“I never feel ignored. I love my church family and what God is doing through us,” said Reba Byrd of Porter, a member of Second Baptist Church in Houston.
For the most part, Byrd’s attitude is typical of the senior adults participating in a survey conducted at a recent SBTC event. Most expressed appreciation for the ministries designed for their age group.
“I’m 73, but always open to change if it’s for good. I love the praise and worship music, the band and orchestra,” Byrd added.
One Southern Baptist from East Texas said, “My relationship to my church is strong and I’m more involved than ever. I have more opportunities to minister than I have time.”
After 40 years as a Southern Baptist she said she finds her relationship to the pastor stronger than during her younger years.
Among the suggestions made in the survey of senior adults were fairly simple changes?crafting ministry in a way that reaches that particular age group and in some cases finding a compromise that works for all.
Several addressed the need for a Bible study format that builds on the foundation that most senior adults already have instead of video-driven studies on themes designed for young women just starting to walk with Christ.
Barbara McKinney of MacArthur Boulevard Baptist Church in Irving found younger women gravitated toward video-driven studies often aimed at busy lifestyles and new Christians while older women preferred using a more traditional approach?sometimes working directly from a Scripture text.
“How can I make this work?” she asked rhetorically. When she offered a study based on a book of the Bible, she said she was pleasantly surprised that two, very young women excitedly praised the class.
“We need more Bible studies to give you options to converse, talk about the Scripture, study a few weeks on what you’re trying to learn and have some dialogue between generations,” McKinney explained. “They loved some of the stories about what it used to be like,” she said, recalling life illustrations the older women were able to share in applying Scripture.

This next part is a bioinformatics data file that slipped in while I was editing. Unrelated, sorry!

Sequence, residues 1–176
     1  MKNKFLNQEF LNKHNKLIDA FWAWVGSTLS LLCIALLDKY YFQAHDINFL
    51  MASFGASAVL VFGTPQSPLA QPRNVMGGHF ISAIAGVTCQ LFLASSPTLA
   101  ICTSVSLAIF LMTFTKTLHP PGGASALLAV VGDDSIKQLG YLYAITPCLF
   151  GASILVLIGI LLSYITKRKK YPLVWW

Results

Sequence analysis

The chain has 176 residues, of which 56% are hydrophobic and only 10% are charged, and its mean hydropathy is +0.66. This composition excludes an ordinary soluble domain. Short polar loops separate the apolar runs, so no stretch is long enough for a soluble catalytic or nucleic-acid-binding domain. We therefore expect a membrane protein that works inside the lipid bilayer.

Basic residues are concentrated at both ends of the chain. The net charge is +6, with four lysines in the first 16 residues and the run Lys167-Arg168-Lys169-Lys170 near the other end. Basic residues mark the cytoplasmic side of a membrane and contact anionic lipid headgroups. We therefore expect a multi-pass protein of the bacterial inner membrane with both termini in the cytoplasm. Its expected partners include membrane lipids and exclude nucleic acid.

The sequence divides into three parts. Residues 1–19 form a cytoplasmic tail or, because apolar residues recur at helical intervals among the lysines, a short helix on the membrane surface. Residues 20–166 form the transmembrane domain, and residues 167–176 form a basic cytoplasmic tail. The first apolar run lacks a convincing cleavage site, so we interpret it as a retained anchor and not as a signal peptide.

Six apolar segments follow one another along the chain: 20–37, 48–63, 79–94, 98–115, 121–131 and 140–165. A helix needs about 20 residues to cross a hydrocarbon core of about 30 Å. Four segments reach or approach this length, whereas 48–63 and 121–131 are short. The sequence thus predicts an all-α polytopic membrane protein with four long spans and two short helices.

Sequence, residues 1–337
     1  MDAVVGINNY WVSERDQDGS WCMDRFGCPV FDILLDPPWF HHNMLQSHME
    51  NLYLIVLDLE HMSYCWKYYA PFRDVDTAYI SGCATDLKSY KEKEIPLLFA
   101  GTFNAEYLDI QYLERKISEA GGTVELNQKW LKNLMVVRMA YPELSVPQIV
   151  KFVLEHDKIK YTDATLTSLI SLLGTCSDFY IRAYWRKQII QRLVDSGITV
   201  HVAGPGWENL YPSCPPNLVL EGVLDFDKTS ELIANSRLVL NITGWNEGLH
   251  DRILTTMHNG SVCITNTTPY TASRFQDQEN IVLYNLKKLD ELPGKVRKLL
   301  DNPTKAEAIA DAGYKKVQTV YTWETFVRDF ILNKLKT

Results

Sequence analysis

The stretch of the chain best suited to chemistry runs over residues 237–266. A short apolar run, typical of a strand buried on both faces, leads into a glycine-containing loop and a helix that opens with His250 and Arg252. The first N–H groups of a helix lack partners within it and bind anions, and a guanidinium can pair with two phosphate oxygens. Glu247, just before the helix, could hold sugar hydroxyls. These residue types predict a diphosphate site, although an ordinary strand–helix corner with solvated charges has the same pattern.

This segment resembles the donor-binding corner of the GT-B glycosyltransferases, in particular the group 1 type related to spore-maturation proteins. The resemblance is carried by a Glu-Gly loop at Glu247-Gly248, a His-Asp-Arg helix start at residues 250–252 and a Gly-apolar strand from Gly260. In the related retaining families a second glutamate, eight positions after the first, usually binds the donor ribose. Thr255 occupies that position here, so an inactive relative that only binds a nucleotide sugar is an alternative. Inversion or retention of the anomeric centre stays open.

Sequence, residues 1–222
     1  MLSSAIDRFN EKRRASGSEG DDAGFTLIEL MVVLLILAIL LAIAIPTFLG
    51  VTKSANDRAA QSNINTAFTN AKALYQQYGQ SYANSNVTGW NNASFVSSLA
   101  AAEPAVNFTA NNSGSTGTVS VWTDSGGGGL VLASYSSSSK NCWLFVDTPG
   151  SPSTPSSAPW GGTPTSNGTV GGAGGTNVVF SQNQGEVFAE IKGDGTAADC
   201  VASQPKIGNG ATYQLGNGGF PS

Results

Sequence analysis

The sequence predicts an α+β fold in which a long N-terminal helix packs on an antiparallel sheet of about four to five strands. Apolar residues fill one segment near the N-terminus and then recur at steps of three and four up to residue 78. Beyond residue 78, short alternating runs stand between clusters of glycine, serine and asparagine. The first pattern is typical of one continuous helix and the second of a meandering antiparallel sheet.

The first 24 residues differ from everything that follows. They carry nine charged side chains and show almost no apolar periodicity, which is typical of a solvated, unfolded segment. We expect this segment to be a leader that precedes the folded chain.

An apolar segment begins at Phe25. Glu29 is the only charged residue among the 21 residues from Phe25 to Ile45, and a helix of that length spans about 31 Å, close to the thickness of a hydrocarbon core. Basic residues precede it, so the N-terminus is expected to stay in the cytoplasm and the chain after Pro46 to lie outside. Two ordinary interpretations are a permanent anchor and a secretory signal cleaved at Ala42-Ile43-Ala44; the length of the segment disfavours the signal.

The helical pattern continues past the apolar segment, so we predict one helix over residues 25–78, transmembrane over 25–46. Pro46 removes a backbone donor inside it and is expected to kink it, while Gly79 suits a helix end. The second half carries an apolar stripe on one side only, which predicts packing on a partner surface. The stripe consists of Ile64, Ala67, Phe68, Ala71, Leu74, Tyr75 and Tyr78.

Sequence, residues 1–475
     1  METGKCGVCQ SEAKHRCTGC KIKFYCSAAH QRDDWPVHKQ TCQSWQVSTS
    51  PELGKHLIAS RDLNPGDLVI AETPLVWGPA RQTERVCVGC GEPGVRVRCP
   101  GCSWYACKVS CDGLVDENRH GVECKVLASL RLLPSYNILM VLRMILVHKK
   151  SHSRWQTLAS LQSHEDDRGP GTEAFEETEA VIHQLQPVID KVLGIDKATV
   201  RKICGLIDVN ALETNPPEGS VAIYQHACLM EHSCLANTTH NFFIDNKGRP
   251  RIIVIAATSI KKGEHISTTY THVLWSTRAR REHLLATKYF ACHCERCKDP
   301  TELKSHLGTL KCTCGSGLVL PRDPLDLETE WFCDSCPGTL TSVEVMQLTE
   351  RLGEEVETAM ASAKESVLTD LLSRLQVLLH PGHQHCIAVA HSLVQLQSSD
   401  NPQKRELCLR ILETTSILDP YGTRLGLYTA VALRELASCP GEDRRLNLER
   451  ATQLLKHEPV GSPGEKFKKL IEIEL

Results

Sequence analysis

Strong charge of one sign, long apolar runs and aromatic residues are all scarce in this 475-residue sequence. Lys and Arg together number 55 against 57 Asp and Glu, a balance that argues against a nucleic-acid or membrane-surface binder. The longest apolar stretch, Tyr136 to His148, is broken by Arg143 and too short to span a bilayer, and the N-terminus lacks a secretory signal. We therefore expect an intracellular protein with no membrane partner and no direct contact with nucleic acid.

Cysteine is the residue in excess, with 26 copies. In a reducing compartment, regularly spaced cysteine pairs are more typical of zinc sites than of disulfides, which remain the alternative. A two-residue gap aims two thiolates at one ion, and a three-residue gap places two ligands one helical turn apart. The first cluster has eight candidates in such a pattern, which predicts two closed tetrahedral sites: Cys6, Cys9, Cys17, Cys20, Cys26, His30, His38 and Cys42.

Similarly, she said, “Our pastor is realizing age grading is not that good in the long haul.” Through age-integrated “life groups” that meet on Sunday nights to study the Bible, McKinney said church members are taking the best of the past and looking toward the future.
She credited the type of curriculum as key to successfully blending generations in meaningful study and relationships. The groups are using “Ten Questions to Diagnose Your Spiritual Health,” published by NavPress, which includes probing content from author Donald S. Whitney, a Southern Baptist Theological Seminary professor.
“There’s a lot of growth taking place,” McKinney said, describing small groups where 70-year-olds are meeting with college-aged members. Through those relationships, young adults are learning from the example of older, more mature, believers?a process McKinney said is scriptural, pointing to Titus 2.
Continued outreach to homebound members and other senior adults in the community may seem like a standard ingredient in the average Southern Baptist church, but several survey respondents spoke of the need to maintain ties to members who are physically limited and unable to regularly attend church services.